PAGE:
Lawsuit against city gains 32 plaintiffs

Landlords push against latest renting guidelines

More and more landlords are getting behind a push against city renting guidelines.

Two landlords in La Crosse announced a lawsuit against the city back in May because of an ordinance that requires them to register their property annually.  Since then, the number of landlords joining the lawsuit has grown exponentially.

More than 30 landlords, representing some 200 or more rental properties across the city, have added their names to the lawsuit that started with just two plaintiffs.

“It just shows that there’s a large amount of people who disagree with City Hall on this,” said Bernardo Cueto, lawyer for the landlords. “They’re trying to say maybe its a couple landlords, it’s not – its a huge amount of landlords [who are] against this.”

The lawsuit focuses in on an ordinance, passed by council members this spring, which requires landlords to pay a fee and register their properties with the city every year. That process includes an inspection of each property, and handing over the landlords’ contact information. The plaintiffs say that violates state law.

“The state of Wisconsin’s pretty clear that you cannot require more information of landlords than you do of all residential property owners,” said Cueto.

That state law is relatively new – it was passed by the Legislature back in January, around the same time city officials crafted the ordinance.  Mayor Tim Kabat says they paid careful attention to stay within its boundaries.

“We feel very strongly that we complied with the intent and the letter of the law for what the state was proposing,” Kabat said.

The city has had rental registries in the past that many call ‘cumbersome’ and ‘confusing,’ because there were two separate systems for traditional apartment complexes and rented single-family homes.  Kabat says this latest attempt to create a registry wasn’t intended to discriminate against landlords, but to streamline the process into one uniform system and help revitalize deteriorating neighborhoods.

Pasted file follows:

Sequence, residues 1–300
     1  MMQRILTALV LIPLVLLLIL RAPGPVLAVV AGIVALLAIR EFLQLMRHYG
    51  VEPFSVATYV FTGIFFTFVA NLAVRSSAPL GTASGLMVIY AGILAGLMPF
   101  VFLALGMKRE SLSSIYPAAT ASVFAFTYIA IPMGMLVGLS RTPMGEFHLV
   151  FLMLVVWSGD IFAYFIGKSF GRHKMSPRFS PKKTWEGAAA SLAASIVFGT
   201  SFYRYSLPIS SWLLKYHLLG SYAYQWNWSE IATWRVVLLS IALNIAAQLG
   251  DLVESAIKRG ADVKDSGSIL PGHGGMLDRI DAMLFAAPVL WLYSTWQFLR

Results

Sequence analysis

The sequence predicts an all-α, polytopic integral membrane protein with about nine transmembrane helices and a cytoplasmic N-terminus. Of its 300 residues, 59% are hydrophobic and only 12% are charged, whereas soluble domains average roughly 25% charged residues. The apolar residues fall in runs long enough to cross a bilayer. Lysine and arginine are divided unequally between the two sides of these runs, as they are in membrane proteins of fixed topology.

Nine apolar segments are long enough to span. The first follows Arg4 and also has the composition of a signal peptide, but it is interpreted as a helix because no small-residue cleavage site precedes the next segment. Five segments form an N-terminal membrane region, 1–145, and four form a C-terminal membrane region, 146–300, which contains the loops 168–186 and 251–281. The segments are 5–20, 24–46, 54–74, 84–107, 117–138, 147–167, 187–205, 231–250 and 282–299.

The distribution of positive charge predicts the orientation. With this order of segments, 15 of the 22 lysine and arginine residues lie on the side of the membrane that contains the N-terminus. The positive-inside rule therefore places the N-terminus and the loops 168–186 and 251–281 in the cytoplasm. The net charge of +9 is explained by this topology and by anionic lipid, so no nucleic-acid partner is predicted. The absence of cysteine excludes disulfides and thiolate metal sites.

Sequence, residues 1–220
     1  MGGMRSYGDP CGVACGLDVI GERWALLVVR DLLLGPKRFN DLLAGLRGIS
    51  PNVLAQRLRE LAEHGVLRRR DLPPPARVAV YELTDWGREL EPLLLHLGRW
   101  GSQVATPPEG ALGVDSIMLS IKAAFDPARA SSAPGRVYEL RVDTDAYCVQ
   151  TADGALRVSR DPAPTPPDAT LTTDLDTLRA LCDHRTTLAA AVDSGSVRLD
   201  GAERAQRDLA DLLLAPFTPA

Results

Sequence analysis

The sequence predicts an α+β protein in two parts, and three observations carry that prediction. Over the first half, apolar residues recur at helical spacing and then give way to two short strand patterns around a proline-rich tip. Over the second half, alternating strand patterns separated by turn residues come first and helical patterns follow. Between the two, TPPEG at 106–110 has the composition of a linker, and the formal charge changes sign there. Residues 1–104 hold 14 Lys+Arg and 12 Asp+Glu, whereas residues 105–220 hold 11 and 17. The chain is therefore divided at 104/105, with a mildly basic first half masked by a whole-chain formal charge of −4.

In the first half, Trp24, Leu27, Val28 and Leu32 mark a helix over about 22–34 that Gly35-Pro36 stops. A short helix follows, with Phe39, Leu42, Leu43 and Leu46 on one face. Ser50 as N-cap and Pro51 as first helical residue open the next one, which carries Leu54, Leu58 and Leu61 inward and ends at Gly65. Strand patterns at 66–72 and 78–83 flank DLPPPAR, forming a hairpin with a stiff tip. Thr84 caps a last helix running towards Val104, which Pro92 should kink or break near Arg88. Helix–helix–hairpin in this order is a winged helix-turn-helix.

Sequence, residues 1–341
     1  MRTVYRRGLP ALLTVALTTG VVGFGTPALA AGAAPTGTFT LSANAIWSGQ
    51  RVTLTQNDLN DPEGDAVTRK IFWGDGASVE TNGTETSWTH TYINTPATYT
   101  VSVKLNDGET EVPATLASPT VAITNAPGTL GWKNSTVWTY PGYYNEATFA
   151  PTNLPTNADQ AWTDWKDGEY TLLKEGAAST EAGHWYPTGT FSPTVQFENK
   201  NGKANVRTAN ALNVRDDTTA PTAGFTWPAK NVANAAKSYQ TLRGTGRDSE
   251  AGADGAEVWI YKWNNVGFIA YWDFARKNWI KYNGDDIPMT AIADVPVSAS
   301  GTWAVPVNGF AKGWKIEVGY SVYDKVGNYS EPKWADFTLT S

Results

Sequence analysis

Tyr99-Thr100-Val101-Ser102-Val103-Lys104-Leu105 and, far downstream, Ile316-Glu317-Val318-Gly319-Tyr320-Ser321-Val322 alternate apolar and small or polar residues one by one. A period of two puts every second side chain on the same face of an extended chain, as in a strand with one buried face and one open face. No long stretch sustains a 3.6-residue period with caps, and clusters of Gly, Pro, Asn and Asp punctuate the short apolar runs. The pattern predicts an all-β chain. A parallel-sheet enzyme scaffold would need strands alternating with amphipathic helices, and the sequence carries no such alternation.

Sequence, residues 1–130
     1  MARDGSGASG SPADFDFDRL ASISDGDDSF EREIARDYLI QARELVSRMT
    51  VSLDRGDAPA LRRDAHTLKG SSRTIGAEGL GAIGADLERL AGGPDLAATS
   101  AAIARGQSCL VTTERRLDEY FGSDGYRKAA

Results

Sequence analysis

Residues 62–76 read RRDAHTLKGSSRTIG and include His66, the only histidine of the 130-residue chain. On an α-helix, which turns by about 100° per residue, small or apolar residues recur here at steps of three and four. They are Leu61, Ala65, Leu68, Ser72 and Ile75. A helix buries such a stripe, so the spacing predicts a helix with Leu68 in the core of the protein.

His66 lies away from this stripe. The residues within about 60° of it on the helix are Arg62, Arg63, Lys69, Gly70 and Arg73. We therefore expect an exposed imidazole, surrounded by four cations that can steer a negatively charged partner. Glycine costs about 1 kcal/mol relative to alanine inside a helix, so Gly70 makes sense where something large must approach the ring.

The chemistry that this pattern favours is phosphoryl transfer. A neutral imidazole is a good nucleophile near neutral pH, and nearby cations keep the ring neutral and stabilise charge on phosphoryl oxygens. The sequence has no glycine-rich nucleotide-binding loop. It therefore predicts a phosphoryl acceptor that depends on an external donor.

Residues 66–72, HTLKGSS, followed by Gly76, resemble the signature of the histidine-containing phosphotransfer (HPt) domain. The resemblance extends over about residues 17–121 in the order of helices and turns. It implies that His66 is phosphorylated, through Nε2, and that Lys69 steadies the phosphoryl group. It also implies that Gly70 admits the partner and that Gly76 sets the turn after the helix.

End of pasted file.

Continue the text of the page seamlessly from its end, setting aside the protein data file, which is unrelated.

“[The ordinance’s purpose] was to improve the overall quality of housing, to make sure rental housing is safe for their tenants, and to have a mechanism to do that,” Kabat said. “That’s why there was a registration program and an inspection program.”

Kabat also said the state law in question allows cities to collect contact information of landlords in case of an emergency – meaning the ordinance is well within the boundaries of the legislation. Cueto disagrees.

“The city is trying to use that narrow ground – that they’re allowed to set up any kind of registry – and saying, ‘Instead, we’re not going to use a registry to contact landlords for emergencies, we’re going to use it to prohibit them from renting.'”

While the lawsuit makes its way through the legal process, all 34 landlords that are listed as plaintiffs don’t have to follow the ordinance requiring them to register with the city. All other landlords in La Crosse have just a couple days – until the end of July – to register, or else face fines that could reach up to $3,000.

A judge is expected to make a ruling on the lawsuit Aug. 15.